The pace of concentration
Title: Has Your Life Become Too Much A Game of Chance?
Date: January 25, 2004
From the article:
- In case you haven't noticed, over the past two decades the people in Washington who write the laws have turned your life into a spin of the roulette wheel—actually, an endless series of spins of the wheel that begin with day care and end with retirement (if you can afford it), and affect everything in between. Overall, Washington has structured the game just as any gambling house would, so there are a few winners but a lot more losers.
It's why many of us are falling further behind the harder we work, why our debt dwarfs that of our parents, why some of us receive world-class medical care and others almost none, why some can afford college but for others it has been priced out of reach, and why the wage gap between rich and poor has started growing again. In 1992 the 400 individuals and families with the highest income in the U.S., according to tax returns filed with the irs, received on average $12.3 million in "salaries and wages."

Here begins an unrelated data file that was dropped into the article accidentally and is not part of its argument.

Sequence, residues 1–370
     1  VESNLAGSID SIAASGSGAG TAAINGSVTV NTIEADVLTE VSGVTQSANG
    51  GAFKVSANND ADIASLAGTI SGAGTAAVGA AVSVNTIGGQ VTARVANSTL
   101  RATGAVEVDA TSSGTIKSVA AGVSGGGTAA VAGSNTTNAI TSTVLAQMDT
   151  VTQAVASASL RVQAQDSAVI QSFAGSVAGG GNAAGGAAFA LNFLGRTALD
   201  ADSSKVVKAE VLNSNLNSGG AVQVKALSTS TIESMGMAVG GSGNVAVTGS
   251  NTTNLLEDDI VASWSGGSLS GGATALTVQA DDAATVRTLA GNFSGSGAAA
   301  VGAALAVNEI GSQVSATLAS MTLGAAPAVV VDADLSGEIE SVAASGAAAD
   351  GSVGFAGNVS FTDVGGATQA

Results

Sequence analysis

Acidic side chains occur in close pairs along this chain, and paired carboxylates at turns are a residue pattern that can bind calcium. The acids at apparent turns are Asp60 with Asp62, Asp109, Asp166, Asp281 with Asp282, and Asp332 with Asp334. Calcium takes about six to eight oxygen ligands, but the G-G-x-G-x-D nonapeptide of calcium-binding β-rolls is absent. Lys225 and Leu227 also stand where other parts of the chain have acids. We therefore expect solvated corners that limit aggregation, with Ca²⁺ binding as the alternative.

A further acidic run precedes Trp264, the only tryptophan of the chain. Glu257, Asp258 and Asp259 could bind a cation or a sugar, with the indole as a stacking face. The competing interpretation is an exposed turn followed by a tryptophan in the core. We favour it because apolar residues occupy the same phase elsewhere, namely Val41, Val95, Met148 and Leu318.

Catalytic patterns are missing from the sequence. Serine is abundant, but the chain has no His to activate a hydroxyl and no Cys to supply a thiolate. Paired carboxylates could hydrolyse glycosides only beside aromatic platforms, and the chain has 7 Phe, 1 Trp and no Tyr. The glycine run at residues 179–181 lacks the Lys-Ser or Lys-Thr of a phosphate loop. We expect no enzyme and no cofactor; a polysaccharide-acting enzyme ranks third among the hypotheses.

By 2000, the latest year available, that figure had more than doubled, to $29 million.
More significant, in 1992 it took the combined wages of 287,400 retail clerks at, say, Wal-Mart, to equal the pay of the top 400. By 2000 it required the combined pay of 504,600 retail clerks to match the pay of the top 400.
- That's the way Congress runs it. They rig it, which is why 44 million people have no health insurance, why tens of millions who do have insurance don't have a clue what it covers until it's too late, and why you pay more for your prescription drugs than do people anywhere else in the industrialized world.
As mentioned in the article, wealth is increasing in concentration. This gives the wealthy even more power.